This is an issue that I’ve been waiting for ever since it was announced back in the summer. Justice League #13 is the first in a two part story that marks the first appearance of classic Wonder Woman villain the Cheetah ever since DC’s reboot in September 2011.
The Cheetah has always been one of my favorite DC villains, but she rarely gets the respect she deserves. She is arguably Wonder Woman’s arch-nemesis, having been around in one form or another since the 1940’s, but very few writers have bothered to tap the potential inherent in the character. It seems Wonder Woman’s villains in general have the reputation of being lame by creators and fans alike, but I’ve never really understood why. They are no more ridiculous than literally every other major rogues gallery, so their loser status is incredibly mystifying.
With this issue, writer Geoff Johns and artist Tony S. Daniel have set out to firmly establish the Cheetah into DC’s hierarchy of villains. Johns has stated that he plans on making her a “major villainous force in 2012 and beyond,” and that she will play a part in the upcoming event, “Trinity War.”
Within the issue itself, the creative team has made some alterations to the Cheetah’s original story, some of which have added some exciting new layers to the character. Like in the previous continuity, the Cheetah is actually anthropologist Dr. Barbara Minerva, who has become the avatar for a ferocious jungle goddess. Beyond that, though, we have received some interesting new tidbits:
– Barbara was the first friend Diana/Wonder Woman made upon arriving in the U.S. They met at the Smithsonian, where Wonder Woman thwarted a terrorist attack that was actually a cover up for a robbery.
– Barbara began to aid Wonder Woman and Steve Trevor in various mythological adventures. She was eventually recruited by A.R.G.U.S (DC’s new equivalent to Marvel’s S.H.I.E.L.D), and was in charge of the Black Room, where mystical artifacts were cataloged and studied.
– Upon discovering a ceremonial dagger, Diana gave it to Barbara to study. Barbara cut herself (on purpose?) and became possessed by the Cheetah spirit, a goddess of the hunt.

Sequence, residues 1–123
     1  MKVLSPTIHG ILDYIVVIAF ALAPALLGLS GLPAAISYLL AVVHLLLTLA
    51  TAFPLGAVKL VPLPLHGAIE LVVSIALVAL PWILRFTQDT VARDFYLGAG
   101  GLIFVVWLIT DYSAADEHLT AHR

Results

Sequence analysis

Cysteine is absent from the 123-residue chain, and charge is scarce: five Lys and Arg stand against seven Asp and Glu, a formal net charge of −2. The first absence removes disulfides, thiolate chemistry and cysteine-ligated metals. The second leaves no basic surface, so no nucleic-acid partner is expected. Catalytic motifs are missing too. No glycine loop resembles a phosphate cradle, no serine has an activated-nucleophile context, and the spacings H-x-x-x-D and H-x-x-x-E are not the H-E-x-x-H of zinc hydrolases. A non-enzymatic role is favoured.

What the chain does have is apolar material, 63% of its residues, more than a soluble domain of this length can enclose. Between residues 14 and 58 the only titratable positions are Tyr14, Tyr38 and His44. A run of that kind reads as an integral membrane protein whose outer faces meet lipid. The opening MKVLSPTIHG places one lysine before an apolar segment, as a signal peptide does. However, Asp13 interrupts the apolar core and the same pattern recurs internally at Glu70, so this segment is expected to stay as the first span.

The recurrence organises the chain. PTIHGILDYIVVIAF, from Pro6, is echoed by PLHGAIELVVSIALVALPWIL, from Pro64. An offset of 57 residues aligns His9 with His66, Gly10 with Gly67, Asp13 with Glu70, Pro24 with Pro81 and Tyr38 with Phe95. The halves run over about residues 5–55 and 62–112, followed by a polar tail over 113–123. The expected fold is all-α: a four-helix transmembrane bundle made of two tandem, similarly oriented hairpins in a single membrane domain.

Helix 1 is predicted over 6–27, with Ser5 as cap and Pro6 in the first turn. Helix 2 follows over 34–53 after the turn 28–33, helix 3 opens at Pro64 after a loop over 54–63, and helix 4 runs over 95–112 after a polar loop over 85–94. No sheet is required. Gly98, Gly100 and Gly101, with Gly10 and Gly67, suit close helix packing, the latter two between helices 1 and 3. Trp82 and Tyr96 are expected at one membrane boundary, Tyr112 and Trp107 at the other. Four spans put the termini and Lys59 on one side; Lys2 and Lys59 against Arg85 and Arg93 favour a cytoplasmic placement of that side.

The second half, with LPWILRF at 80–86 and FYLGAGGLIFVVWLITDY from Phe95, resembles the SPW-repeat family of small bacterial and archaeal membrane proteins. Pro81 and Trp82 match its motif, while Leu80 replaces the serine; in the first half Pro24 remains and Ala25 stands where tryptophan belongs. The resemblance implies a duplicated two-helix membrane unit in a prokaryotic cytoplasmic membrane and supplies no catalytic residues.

– She displays the new ability to spread her curse to others. In the final pages of the story, she bites Superman’s neck, transforming him into a creature similar to herself. We’ll have to wait until the next issue to see what becomes of this.
Overall, I find many of the new elements to Minerva’s story to be interesting, at least on a conceptual level. Establishing her and Diana as friends provides a connection that wasn’t there previously, and adds a new layer to their relationship. Diana is naturally compassionate and has a desire to help everyone, but their previous affiliation gives her desperation an urgency that is a lot more palpable. In addition, I feel that involving Minerva with A.R.G.U.S and the Black Room is a masterstroke. She now has a connection to the DC Universe as a whole, specifically the magical side of it, whereas before she was isolated to the Wonder Woman franchise.
However, there are some potential downsides to this. We are told about Minerva’s origins through exposition by Wonder Woman and Steve Trevor, but we do not get the chance to see any of it. I would have loved to see their friendship and Barbara’s transformation play out over several story arcs rather than getting second hand information. Obviously, Johns has only so much page space in a title like this, where he only has 20 pages to divide his time between seven superheroes and the villains they face. It makes me wish Johns was writing the main Wonder Woman title so he could focus entirely on her world, and maybe revamp some of her other villains.
The other thing bothering me is the circumstances surrounding Minerva’s transformation. In the previous continuity, Barbara Minerva was dangerous even before she became the Cheetah. She was a borderline sociopath who was driven solely by her pursuit of knowledge, greed and power. Her origin established in the 1980’s involved her discovering the African tribe that worshiped the Cheetah, and willingly taking part in the ritual to become the Cheetah’s avatar in order to fend off invading marauders. To do so, she ruthlessly killed her expedition partner and feasted on him as part of the ritual, before forming an alliance with the tribe’s head priest, Chuma. In comparison, “accidentally cutting herself on a dagger,” while easier to say in a few sentences, is kind of bland.
But was it an accident? I’m not so sure. My main problem with making it a mistake on Minerva’s part is that it robs her of her agency. But in the opening fight scene, while Diana is trying to reason with her former friend, Minerva states “you are as naive as when we first met.” Given Barbara’s character in previous versions, I have the feeling Diana doesn’t know her friend as well as she thinks. That robbery at the Smithsonian is totally something the original Minerva would pull from behind the scenes. And I find it very hard to believe that Barbara would be so careless as to cut herself on a mystical dagger without knowing EXACTLY what would happen as a result.
So overall, though I have some misgivings, I’m really looking forward to what else Geoff Johns does with this character. She certainly hasn’t been portrayed as this competent a threat in ages, as she easily flattens the Justice League when they invade her place of power. Her knocking Batman on his ass was particularly satisfying when I remember that one issue where he somehow, despite all logic, knocked her out with a single punch.
Bring on part 2, and the Trinity War!